“I peel back bark to reveal the organic chaos that can exist in the material itself and build up layers of texture through carving and sandblasting. I use the vessel form and surface pattern to explore the layers and fissures between creation and decay and the erosion of nature.”
Brought up in a rural village in Wales, Eleanor Lakelin worked on educational projects in Europe and West Africa before retraining as a cabinet-maker in 1995.
Since 2011 she has concentrated on the vessel form, studying with established makers whenever possible but largely teaching herself to hollow and carve works of increasing scale and ambition. Her sculptural objects are created using a traditional woodworking lathe and centuries-old chisels and gouges alongside modern carving techniques.
Eleanor works only with trees grown in Britain, felled due to decay. A deep knowledge and a passionate interest in the natural properties of wood result in forms that seem true to the spirit of the material and which encourage us to look at the complexities of nature with a new perspective. Her work is rooted in the rhythm of growth, the eroding power of the elements and the passing of time. Material is transformed into objects that invite touch and reflection, reminding us of our elemental and emotional bond with wood and our relationship to the earth.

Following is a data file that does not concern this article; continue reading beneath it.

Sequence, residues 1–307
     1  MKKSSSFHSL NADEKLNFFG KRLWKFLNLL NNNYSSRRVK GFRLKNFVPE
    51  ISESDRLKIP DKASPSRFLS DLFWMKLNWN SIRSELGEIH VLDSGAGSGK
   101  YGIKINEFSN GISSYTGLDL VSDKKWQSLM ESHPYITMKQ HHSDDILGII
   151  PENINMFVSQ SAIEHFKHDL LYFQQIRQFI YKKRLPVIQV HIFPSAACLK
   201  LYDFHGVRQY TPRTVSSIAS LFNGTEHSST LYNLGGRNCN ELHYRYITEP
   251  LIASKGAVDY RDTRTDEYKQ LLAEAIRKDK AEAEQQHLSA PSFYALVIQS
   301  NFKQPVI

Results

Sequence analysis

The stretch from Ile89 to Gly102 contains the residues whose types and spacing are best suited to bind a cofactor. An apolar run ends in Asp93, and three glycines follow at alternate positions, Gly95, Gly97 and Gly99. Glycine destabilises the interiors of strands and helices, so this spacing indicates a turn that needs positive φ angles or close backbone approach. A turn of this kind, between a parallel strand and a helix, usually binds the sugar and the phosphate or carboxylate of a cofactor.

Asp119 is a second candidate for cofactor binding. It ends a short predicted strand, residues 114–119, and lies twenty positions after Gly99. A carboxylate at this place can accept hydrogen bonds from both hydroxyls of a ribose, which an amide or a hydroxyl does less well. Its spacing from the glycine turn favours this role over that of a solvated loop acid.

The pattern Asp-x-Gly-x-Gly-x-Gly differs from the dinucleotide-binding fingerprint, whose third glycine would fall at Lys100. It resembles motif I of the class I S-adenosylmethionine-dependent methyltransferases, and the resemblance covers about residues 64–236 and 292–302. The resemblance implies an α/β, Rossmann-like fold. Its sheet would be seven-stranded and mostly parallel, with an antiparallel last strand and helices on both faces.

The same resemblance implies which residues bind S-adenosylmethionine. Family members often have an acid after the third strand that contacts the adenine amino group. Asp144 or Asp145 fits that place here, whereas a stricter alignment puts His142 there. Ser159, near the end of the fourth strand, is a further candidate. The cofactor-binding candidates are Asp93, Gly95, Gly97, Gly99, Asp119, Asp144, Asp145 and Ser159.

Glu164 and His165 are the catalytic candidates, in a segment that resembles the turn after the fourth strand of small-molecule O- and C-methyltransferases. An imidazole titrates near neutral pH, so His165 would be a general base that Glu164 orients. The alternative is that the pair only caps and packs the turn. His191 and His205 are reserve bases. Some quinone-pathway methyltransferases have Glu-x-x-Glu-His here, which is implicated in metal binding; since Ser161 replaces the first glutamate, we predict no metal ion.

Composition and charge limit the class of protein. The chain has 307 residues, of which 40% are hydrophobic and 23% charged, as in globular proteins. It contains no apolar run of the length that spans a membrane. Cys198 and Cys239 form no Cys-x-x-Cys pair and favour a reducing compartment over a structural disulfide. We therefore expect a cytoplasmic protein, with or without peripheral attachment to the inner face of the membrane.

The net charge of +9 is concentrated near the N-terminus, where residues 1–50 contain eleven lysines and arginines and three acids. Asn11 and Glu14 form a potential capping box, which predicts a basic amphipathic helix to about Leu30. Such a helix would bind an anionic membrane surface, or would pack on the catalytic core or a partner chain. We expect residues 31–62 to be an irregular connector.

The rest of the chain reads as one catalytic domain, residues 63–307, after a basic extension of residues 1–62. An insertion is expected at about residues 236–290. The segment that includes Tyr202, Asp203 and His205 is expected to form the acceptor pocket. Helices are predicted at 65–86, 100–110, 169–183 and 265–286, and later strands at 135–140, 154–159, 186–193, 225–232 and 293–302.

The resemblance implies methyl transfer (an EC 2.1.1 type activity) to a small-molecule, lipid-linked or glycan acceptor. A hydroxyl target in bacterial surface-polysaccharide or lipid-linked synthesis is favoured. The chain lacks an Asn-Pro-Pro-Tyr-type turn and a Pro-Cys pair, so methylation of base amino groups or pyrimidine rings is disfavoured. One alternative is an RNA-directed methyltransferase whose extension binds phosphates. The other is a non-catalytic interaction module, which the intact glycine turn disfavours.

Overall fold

Eleanor’s work is exhibited internationally and included in prestigious museum and private collections including the Victoria and Albert Museum, Museum of London and Mint Museum, USA. She is the recipient of notable awards and commendations including a QEST Scholarship 2018, British Wood Award 2017 (Bespoke category), Perrier-Jouët Arts Salon Prize 2014 (nomination) and The Cockpit Arts / Worshipful Company of Turners Award 2011.
She lives and works in London and is represented by Sarah Myerscough Gallery.